Tuesday, December 11, 2012

Pieces of the Whole.

So, I've been trying to resolve a few questions and issues as of late. Things that don't mesh, things that do. Maybe its because of finals, and the topics I'm writing about for the final papers. Maybe its because the thoughts are ever present regardless of what I'm doing, I don't know. But one thing I've been trying to understand is the area of displacement that I find myself in. Someone who is a believer in God, someone who is LDS by faith, and someone who feels strongly about my faith. Yet, I am also a strong supporter of the pro-choice movement, a staunch advocate of scientific thought and reasoning. I believe that humans evolved from a common ancestor, over millions of years, and I don't disagree with the scientific method. I embrace it fully. I support homosexual rights, and the rights of all humanity. I support racial and cultural diversity, and don't believe that the US is a Christian Nation in the sense that we are compelled to believe in Jesus or we're not real Americans. I believe in keeping prayer out of school, god out of secular topics, and frankly, feel like religion and faith are things that belong within the sphere of the home environment, not as a public indoctrination. The long story short, when it comes down to it, there are things I agree with people on, and disagree with people on, but never everyone all the time If I am LDS, then why do I not fit in with the vast majority of LDS thought? If I am scientific, and believe in separation of church and state, why is it that I find arguments with certain atheists, even though I feel that they are free to believe or not believe, and wouldn't want them to change their opinion? Why am I always playing a battle of outsider looking in? My humor doesn't fly among certain groups, but its hilarious in others.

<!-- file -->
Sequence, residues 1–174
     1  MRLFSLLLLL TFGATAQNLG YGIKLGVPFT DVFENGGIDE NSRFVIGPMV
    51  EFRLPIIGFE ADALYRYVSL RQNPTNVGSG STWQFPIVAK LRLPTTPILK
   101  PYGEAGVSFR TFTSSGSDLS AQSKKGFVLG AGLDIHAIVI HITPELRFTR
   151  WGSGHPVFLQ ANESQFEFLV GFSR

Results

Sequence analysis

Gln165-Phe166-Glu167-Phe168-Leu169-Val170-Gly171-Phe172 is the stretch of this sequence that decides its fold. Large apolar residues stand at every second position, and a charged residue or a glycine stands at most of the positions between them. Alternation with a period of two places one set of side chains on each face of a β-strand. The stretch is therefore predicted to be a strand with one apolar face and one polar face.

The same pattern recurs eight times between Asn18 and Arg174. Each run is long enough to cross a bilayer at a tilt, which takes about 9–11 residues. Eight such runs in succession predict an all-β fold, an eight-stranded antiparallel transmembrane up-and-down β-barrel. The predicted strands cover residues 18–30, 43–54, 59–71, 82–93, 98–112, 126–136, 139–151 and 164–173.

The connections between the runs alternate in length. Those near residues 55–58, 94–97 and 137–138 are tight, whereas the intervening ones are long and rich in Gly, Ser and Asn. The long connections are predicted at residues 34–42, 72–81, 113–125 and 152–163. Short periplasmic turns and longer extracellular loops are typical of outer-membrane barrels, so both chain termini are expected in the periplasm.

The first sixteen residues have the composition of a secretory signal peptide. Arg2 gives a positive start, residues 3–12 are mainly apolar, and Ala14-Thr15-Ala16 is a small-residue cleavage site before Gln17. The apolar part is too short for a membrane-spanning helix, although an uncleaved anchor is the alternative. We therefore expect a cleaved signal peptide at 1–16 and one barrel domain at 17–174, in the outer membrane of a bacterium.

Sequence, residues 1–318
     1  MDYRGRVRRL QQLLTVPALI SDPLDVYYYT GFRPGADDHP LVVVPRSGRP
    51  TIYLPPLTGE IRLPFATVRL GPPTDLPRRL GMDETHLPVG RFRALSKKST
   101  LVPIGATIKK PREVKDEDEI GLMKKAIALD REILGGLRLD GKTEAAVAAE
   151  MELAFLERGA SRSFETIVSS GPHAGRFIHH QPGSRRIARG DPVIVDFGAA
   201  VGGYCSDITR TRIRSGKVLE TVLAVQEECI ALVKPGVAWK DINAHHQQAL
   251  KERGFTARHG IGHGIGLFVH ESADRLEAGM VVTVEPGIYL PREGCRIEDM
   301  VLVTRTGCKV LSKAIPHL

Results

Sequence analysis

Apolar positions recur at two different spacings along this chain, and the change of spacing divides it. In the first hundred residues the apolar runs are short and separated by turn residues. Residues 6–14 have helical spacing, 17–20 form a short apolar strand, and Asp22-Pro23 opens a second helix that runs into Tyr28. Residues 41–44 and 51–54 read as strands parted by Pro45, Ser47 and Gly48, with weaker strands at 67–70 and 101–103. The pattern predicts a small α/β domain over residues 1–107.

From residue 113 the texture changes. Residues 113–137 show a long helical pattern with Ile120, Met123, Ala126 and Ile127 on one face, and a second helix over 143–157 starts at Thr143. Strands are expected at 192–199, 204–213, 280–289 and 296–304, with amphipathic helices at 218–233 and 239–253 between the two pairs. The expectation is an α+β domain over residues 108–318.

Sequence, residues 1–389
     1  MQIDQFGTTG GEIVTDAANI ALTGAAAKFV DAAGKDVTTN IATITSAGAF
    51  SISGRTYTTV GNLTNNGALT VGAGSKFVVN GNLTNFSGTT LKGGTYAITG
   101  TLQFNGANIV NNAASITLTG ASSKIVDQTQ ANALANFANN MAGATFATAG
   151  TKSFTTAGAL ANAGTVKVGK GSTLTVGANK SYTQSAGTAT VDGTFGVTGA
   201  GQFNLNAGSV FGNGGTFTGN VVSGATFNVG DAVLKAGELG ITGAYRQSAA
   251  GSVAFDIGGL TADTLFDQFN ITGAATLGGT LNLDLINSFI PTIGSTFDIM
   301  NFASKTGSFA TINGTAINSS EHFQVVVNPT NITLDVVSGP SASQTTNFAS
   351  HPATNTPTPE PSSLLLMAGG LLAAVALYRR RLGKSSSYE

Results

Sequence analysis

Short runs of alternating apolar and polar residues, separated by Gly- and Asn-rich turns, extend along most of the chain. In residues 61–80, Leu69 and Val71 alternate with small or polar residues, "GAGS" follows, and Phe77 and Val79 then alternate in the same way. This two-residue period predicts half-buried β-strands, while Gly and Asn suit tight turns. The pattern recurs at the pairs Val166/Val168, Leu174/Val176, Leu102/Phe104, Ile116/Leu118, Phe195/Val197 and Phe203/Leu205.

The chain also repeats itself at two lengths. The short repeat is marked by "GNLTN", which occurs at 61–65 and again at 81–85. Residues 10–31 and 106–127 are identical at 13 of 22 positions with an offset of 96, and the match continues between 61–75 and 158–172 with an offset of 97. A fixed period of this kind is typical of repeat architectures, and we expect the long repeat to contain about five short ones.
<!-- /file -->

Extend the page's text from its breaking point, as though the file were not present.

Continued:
Maybe I should start with a few of the things that have gone on recently. On the side of my scientific side being questioned, one individual I was speaking to questioned how I could be a Mormon, because he saw the majority of the Book of Mormon to be "wacky" and "Full of made up stories." Even after explaining to him that it was not quite as he described, I still was bombarded with claims that my religion as "obviously made up." Now, If I had been saying the same to him, that his understanding was flawed, and that his denial of deity was "obviously made up" I could see some of the attacks happening. However, the majority of my discussion with him was merely answering his questions to the best of my ability. I even made it a point to say that I was not around to convert anyone, nor was I going to condemn anyone for believing differently. In fact, I don't believe in a God that condemns someone because they do or do not believe in Him, or punishes for believing in another form of deity. But still, I was placed in a situation where I was confronted. How could I; as a rational, thinking man, who believed in the scientific method, and studied archaeology, believed in evolution and the big bang and understood climate change; continue to be rational, and yet still have a belief in deity?